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Induction of Suppressiveness to Rhizoctonia solani in Soil. Ilan Chet, Professor, Department of Plant Pathology and Microbiology, The Hebrew University of Jerusalem, Rehovot, Israel; Ralph Baker, professor, Department of Botany and Plant Pathology, Colorado State University, Fort Collins 80523. Phytopathology 70:994-998. Accepted for publication 10 April 1980. Copyright 1980 The American Phytopathological Society. DOI: 10.1094/Phyto-70-994.

When soil was infested with large (>589 μm) propagules of Rhizoctonia solani, soil suppressiveness to R. solani was generated only in acidified or naturally acidic soils after replanting radish, alfalfa, or sugar beet at weekly intervals. As suppressiveness increased, the propagule density of Trichoderma harzianum also increased. Acidic pH levels enhanced in vitro growth of T. harzianum more than that of R. solani and stimulated its conidiophore formation and spore germination. The mechanism of antagonism was found to be parasitism followed by lysis rather than antibiosis; the fungus released active β-(1-3) glucanase and chitinase when grown on R. solani cell walls and lysed both living mycelium and cell walls of that fungus. In raw soil, T. harzianum also controlled damping-off of radish.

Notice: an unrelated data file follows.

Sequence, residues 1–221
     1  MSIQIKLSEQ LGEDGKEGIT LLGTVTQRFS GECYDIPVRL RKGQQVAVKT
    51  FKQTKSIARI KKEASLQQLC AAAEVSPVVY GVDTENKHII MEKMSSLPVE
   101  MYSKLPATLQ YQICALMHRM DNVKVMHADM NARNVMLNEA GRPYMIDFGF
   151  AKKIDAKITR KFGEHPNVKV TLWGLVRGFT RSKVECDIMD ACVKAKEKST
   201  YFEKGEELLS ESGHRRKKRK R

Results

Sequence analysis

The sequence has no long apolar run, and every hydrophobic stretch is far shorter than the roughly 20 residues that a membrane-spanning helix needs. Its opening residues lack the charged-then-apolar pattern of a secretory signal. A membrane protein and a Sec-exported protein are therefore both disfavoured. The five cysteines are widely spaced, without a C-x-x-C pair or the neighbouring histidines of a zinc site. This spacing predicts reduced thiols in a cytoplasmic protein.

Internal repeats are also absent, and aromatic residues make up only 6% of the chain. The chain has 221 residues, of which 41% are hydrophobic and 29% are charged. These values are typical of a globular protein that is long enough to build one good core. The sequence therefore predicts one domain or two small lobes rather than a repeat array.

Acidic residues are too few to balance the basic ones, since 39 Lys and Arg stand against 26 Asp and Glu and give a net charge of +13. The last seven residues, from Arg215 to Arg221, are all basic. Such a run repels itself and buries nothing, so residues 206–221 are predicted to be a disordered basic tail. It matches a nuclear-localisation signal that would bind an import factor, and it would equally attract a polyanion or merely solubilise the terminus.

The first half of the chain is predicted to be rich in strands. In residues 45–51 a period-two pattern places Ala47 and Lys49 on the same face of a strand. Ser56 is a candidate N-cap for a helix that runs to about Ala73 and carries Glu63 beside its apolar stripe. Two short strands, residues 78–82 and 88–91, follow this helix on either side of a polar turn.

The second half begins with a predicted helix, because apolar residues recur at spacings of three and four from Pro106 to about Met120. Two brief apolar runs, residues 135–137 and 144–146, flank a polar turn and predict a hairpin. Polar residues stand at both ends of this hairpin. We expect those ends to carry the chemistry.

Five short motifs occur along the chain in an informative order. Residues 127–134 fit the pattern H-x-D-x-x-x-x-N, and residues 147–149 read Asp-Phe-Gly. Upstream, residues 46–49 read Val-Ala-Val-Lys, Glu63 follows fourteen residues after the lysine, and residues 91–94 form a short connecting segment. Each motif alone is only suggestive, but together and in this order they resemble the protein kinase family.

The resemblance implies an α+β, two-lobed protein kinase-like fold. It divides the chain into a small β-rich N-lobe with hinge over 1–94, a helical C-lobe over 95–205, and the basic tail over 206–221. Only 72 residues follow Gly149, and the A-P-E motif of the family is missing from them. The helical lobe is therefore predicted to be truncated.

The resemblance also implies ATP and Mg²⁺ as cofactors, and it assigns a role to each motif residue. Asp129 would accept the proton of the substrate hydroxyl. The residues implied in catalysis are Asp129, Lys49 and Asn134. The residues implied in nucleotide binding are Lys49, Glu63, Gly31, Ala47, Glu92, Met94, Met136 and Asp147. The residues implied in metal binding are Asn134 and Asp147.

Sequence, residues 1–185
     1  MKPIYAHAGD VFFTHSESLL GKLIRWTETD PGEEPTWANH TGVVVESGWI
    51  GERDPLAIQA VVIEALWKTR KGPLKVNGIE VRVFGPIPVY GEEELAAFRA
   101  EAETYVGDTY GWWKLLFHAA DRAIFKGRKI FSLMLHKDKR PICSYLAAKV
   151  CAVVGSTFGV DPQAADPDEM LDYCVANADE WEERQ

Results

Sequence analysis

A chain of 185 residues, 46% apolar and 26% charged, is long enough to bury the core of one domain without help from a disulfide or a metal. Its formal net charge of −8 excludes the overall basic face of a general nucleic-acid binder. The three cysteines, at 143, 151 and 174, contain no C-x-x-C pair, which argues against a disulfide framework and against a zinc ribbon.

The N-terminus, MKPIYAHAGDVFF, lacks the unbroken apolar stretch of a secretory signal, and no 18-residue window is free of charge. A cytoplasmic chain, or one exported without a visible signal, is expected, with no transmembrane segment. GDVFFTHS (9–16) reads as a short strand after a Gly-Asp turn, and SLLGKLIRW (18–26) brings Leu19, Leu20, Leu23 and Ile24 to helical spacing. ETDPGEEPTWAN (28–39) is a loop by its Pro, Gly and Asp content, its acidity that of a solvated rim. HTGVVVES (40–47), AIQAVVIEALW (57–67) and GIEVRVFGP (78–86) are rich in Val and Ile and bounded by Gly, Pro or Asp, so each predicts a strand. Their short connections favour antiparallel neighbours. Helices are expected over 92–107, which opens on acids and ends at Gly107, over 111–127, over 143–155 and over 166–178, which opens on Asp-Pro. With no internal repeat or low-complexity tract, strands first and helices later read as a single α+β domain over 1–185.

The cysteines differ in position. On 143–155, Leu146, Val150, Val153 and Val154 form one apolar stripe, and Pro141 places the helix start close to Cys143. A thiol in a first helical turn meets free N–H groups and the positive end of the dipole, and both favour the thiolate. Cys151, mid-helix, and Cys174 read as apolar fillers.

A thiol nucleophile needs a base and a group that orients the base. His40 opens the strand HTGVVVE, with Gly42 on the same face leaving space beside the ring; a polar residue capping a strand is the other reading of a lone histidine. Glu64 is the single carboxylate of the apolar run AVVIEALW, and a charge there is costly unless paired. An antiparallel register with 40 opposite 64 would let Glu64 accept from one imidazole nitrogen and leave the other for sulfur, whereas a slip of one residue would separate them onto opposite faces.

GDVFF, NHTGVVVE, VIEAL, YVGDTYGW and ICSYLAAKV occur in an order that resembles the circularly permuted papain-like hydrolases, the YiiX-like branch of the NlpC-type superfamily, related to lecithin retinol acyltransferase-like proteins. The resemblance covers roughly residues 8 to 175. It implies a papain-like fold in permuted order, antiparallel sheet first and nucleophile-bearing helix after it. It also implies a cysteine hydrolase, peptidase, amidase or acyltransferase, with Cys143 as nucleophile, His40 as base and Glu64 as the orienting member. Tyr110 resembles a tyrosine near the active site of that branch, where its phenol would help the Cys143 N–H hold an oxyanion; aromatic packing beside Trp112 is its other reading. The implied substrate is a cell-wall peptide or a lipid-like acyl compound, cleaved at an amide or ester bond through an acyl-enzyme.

Additional keywords: lytic enzymes.